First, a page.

Female Royal Family members, including Kate Middleton and formerly Meghan Markle, have to walk down the stairs in a very specific way due to traditional etiquette. At dinner parties, royals have to enter the room in order of hierarchy.
First is Her Majesty, then her husband Prince Philip followed by their eldest son Prince Charles and wife Camilla, Duchess of Cornwall.
Then Prince William comes next as the second in line for the throne and followed by his wife Kate Middleton.
Women in the Royal Family are taught to walk down the stairs in the politest way possible.
Walking down the stairs at formal royal engagements requires mastering a specific technique, according to Reader’s Digest.
The royal women are told to keep their chins parallel to the ground with their hands by their sides.
They are not allowed to look down at the stairs while walking.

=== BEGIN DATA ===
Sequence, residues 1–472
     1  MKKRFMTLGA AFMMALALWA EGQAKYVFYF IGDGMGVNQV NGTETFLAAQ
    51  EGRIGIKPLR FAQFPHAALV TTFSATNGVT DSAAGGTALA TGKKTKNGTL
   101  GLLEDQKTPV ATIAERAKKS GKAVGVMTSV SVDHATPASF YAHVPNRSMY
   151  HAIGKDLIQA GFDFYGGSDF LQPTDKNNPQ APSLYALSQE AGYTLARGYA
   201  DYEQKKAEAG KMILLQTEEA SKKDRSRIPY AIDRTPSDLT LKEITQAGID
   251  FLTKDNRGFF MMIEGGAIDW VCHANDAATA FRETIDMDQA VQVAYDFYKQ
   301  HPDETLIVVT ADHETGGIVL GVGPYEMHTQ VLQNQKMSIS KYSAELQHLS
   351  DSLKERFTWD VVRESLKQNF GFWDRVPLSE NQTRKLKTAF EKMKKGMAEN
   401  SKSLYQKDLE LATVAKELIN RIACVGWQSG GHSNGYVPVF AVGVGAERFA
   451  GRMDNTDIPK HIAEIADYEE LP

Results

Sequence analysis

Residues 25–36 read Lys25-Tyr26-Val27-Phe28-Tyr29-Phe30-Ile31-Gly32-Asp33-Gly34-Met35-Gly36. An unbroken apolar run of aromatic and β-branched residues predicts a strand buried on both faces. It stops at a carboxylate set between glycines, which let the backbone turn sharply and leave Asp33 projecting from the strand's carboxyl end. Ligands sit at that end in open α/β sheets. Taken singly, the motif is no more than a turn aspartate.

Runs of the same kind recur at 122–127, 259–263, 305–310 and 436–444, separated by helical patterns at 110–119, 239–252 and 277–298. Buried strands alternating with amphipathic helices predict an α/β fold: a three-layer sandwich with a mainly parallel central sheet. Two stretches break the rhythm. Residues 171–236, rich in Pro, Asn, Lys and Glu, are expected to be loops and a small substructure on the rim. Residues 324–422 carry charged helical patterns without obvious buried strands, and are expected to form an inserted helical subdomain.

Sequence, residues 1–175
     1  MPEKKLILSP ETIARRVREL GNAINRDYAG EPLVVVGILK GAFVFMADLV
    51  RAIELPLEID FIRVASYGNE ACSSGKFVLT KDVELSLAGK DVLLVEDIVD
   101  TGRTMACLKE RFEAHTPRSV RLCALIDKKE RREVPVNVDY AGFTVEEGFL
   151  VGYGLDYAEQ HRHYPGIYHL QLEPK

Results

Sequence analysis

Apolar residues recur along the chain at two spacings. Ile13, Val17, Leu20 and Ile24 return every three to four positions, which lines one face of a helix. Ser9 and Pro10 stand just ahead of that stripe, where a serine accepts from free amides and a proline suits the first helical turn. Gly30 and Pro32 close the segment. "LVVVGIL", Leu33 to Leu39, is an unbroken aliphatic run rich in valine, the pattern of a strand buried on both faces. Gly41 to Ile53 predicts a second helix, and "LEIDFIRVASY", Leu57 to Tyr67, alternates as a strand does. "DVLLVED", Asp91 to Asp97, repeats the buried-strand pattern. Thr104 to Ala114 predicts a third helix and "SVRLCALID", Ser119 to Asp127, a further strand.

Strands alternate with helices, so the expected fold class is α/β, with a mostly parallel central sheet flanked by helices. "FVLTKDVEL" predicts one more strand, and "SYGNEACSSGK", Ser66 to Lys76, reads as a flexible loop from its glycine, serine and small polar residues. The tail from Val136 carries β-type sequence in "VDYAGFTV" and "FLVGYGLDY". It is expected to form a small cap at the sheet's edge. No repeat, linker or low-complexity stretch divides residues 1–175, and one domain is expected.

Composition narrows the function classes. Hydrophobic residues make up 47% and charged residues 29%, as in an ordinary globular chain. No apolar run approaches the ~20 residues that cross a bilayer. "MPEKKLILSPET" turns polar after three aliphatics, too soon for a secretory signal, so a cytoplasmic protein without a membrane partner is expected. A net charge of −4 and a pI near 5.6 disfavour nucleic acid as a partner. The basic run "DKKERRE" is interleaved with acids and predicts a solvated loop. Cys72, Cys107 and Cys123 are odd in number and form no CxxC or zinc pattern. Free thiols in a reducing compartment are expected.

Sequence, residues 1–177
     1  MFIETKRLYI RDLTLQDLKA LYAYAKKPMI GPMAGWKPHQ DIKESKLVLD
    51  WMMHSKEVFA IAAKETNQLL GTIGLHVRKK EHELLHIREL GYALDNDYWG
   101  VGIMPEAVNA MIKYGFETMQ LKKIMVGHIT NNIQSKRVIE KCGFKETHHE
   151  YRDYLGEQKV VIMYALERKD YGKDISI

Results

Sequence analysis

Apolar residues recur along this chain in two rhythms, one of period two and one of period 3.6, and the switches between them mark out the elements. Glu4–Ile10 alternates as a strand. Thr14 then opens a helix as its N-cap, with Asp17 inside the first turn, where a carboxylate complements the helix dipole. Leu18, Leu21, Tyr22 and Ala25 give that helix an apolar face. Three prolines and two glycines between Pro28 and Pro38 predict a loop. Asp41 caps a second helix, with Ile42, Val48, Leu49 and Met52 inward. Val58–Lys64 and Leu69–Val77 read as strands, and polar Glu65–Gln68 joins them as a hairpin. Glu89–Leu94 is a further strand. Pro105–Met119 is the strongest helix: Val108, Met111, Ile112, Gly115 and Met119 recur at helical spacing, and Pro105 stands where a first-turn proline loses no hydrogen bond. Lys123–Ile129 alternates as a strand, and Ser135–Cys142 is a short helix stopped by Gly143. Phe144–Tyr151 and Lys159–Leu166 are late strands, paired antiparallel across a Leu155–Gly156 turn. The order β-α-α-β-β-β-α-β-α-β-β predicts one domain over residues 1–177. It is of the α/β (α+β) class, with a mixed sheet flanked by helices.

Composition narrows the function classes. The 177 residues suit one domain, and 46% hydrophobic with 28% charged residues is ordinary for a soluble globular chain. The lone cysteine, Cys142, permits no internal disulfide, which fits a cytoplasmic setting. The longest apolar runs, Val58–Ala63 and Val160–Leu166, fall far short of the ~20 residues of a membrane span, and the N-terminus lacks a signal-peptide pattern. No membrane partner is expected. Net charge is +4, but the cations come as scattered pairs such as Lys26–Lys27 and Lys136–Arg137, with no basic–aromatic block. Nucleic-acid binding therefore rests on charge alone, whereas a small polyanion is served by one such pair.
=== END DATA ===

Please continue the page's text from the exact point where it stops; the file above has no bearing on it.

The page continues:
If there is a banister, they should rest their hand on it but not grab it, according to Reader’s Digest.
It also states that the royal women should keep their toes pointed toward the railing while they walk and move at a steady pace.
READ MORE: Queen chaos: Birthday Honours hit by ‘fixer fee’ controversy
He added: “She does believe in ghosts and has several lucky charms in her handbag.”
Her Majesty overseas all the food at Buckingham Palace by approving the menus.
Darren McGrady, a former royal chef, explained that the Queen is normally presented with suggestions for the following few days.
He told the Daily Mail: “The menu book was sent up to her and she’d put a line through the ones she didn’t want.”
He added: ‘She’d oversee the full menu, choose what she wanted – do we have enough pheasant, grouse, partridge?
“She loved food from the estate and to see her own produce on the menu. She loved the hosting side of the event.
“Garden parties were huge we’d have to do so much food, scones and pastries, ice cream made fresh.”
Mr McGrady also said the Queen does not like eating garlic.
He added: “We could never serve garlic to the Queen but Prince Philip loved it,’ he said. ‘If we were at Balmoral and she was out, we’d slather his steak in garlic.
“But when she was at the table, there was no garlic at all.”